Posted: 30 Mar 2013 05:30 AM PDT
Lilyhammer star Steven van Zandt on 'taking care of business' in Norway.
IT'S not hard to make Steven van Zandt, 62, laugh. You just wouldn't expect it from an actor who played Tony Soprano's loyal consigliere (Italian for "counsellor") in the award-winning mob drama The Sopranos.
When the HBO series concluded in 2007, van Zandt's character Silvio Dante was lying comatose in the hospital while old friend Tony looked on. Silvio had a knack for "taking care" of informants and traitors in the series, but it appears that ultimately, he did not recover from an assassination attempt.
After The Sopranos, van Zandt said he had no further interest in acting. He chose to focus on his other ventures like hosting his weekly radio show, managing his record label and of course, being the lead guitarist in Bruce Springsteen's E Street Band.
Then in 2011, he was approached by a husband-and-wife team with an idea for a television show. The pitch? A New York mobster who testified against his bosses in court is put into the witness protection programme in, of all places, Norway.
"I was not expecting to play a gangster again but it (Lilyhammer) was such a good idea! I couldn't resist it," he says in an exclusive interview organised by Maxman.TV via Skype from Oslo, Norway, where filming for Season 2 is currently underway.
"As you know I'm never a cold, winter person (his nickname is Miami Steve). But I love it now. You have to become a snow person here. I can only imagine that the weather in Malaysia is much nicer," he says when asked about the weather there.
In Lilyhammer, which has become a hit, Frank "The Fixer" Tagliano (van Zandt) testified against his mob colleagues in court. Fearing for his safety, he asks to be put into witness protection in Lillehammer, a small town in Norway. He is attracted by the "clean air, fresh white snow and gorgeous broads" which he saw in a clip of the 1994 Winter Olympics.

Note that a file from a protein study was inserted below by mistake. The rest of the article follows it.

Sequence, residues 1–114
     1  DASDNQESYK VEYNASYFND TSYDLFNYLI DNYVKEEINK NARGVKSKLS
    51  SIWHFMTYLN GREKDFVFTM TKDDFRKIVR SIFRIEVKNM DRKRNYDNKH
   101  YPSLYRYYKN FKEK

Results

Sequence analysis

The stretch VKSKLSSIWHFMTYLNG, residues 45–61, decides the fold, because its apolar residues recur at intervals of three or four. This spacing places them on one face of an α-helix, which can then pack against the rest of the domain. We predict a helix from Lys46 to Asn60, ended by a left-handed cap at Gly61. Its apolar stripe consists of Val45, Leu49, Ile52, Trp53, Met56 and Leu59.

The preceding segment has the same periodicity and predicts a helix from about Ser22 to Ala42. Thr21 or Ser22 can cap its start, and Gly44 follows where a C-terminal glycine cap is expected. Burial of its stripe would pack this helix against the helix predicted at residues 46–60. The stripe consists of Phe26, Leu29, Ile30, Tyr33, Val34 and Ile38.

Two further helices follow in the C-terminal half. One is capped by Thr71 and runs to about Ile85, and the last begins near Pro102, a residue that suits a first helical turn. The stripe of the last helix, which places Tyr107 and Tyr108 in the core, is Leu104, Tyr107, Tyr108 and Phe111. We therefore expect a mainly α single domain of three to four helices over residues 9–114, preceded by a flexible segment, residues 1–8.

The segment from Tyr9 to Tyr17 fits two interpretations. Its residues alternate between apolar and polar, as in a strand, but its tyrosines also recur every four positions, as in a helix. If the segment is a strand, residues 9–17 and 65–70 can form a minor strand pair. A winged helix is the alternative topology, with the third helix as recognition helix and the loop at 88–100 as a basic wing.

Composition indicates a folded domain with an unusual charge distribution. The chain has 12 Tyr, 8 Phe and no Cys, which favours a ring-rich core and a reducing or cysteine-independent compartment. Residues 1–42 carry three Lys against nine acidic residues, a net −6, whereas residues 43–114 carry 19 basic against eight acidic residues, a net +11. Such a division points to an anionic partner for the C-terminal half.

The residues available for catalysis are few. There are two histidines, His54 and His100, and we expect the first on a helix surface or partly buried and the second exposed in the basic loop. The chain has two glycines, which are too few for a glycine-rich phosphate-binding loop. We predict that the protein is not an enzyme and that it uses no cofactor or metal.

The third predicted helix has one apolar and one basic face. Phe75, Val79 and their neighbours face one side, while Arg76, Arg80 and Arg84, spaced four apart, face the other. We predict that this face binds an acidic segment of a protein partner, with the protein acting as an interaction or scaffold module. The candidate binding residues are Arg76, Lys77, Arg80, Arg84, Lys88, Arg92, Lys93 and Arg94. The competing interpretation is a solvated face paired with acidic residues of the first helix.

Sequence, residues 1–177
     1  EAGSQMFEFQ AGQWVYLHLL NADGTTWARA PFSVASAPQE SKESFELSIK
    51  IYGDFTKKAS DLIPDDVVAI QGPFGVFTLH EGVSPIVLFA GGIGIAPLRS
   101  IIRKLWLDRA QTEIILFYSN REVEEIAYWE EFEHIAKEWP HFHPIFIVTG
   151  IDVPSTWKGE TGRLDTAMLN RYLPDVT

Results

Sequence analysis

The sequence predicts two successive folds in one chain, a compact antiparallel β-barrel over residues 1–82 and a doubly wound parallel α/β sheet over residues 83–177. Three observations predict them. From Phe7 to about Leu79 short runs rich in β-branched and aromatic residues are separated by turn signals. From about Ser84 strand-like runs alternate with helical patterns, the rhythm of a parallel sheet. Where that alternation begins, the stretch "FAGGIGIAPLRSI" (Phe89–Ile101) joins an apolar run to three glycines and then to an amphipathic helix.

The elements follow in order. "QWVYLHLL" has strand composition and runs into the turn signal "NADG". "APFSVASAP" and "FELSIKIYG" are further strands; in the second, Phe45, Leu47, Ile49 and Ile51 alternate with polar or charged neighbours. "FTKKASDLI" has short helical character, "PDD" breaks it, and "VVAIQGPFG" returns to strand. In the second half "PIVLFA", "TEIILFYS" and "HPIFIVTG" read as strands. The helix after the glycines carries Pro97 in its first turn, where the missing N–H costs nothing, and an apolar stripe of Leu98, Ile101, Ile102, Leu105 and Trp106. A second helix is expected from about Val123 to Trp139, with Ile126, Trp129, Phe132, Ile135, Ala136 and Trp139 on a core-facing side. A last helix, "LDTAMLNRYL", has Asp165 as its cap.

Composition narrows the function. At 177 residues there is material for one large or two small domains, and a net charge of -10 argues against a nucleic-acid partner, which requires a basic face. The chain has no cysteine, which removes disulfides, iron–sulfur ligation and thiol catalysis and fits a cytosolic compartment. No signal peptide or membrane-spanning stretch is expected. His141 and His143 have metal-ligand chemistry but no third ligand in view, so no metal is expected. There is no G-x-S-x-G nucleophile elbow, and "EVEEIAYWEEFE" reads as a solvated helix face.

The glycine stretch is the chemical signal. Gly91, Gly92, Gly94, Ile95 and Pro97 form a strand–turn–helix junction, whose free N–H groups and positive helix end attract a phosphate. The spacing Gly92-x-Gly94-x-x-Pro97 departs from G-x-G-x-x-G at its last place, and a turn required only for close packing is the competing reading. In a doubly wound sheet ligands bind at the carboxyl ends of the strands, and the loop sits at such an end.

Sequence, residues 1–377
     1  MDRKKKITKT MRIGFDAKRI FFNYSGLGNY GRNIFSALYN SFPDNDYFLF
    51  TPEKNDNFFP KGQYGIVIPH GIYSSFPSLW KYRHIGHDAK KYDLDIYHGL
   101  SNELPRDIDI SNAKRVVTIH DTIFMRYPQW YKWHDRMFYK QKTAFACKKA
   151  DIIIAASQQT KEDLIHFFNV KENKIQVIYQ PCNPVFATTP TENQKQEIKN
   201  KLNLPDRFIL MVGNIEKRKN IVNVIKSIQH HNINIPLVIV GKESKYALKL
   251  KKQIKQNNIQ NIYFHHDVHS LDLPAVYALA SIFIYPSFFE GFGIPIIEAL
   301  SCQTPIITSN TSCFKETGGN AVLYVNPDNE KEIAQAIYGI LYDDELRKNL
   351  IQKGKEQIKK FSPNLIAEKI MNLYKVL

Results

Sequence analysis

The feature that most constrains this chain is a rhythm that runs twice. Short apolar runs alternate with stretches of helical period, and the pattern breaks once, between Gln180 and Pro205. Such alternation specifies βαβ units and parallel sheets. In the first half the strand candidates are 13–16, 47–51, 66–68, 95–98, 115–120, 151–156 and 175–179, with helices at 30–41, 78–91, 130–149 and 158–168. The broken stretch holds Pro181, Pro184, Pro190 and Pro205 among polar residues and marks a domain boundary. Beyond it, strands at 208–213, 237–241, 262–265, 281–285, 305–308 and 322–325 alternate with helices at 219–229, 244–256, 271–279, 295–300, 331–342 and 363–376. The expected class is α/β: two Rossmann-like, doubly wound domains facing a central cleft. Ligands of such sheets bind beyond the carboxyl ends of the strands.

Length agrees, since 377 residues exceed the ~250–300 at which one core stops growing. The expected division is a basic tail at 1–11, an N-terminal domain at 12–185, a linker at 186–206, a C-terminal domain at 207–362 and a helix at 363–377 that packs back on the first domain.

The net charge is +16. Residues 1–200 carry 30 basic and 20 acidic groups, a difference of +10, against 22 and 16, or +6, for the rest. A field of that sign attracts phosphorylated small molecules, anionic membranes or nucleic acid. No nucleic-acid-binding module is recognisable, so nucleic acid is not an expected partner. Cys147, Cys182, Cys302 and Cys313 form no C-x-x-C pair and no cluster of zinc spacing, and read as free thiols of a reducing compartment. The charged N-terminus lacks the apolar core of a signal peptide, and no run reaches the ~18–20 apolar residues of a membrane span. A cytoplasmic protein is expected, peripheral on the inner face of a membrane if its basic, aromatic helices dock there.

Van Zandt gleefully describes the premise as "the ultimate fish out of water story".
"Here, we have a New York gang member who is going through life – in Norway – the American way. He is trying to apply the Italian-American gangster mentality in a country where there is virtually no crime!"
He gives a hilarious example of the law-abiding nature of Norwegians: "In Norway, if the light is red, they don't cross the street! And here is Frank, someone who is not used to following the rules. He becomes frustrated by the system and tries to find his way around it."
To top it all off, Frank mistakes his neighbour for a postal worker; the lady turns out to be the local chief of police.
Van Zandt adds that the fact not a lot of people know about Norway adds layers to the show's dark, gritty humour.
"In my country, people think Norway is the capital of Sweden. You can't really name too many celebrities from Norway. It's such an obscure country that people don't know much about it. We're able to use that aspect in our show, and let viewers discover Norway through Frank's eyes."
Frank has to warm to the town anyway, since he can't go back to New York. Eventually he opens up a bar and falls in love with Sigrid, a single mum. In one episode, Frank is seen giving advice on women to Sigrid's son Jonas.
We asked van Zandt if he'd take Frank's word on women; he burst into laughter. "Would I take Frank's advice? (laughs) It would be interesting if the series continues, and Frank has a daughter. How would he deal with her after what he said earlier about women being men's reward after a hard day's work.
"It's the kind of love that you want to consume, or own. It's actually quite complicated – sort of a philosophical thing – which we don't have time for now," he says while laughing away.
Free-spirited van Zandt is tight-lipped about details of Season 2, but he is happy to divulge a little bit on Frank's new business – fatherhood.
"He and his girlfriend are expecting twins, so there's that (laughs). They are also going to start the season with a bunch of new characters coming into town starting a car-related business. Well, because apparently the economy is so bad everywhere except in Norway. And then these new characters clash with Frank and his gang."
As for how Frank is dealing with fatherhood, let's just say his character's no-nonsense, tough-talking demeanour gets him in a little bit of trouble with his better half.
"It's safe to say that Frank is not going to cut down on swearing. In fact, a funny thing happens with his kid because of that," he says and there goes that laugh again.
It's evident that van Zandt is very fond of his character in Lilyhammer. He even says he doesn't mind what some viewers might say about him pretty much reprising the same role from The Sopranos.
"It was the first thing I thought of as well. I asked myself; do I care about how much people think of me as a versatile actor? Then I realised that I don't care."
He adds: "If people are going to think of Lilyhammer as Silvio Dante (from The Sopranos) waking up from a coma and ending up in Norway, then let them! All I care about is doing good work."
Van Zandt also gives his one-line pitch on why viewers should catch Lilyhammer: "TV is mostly full of s**t but this (Lilyhammer) is a really a good show," and having said that, he's laughing again.
Go to www.maxman.tv to catch full Season 1 episodes of Lilyhammer.
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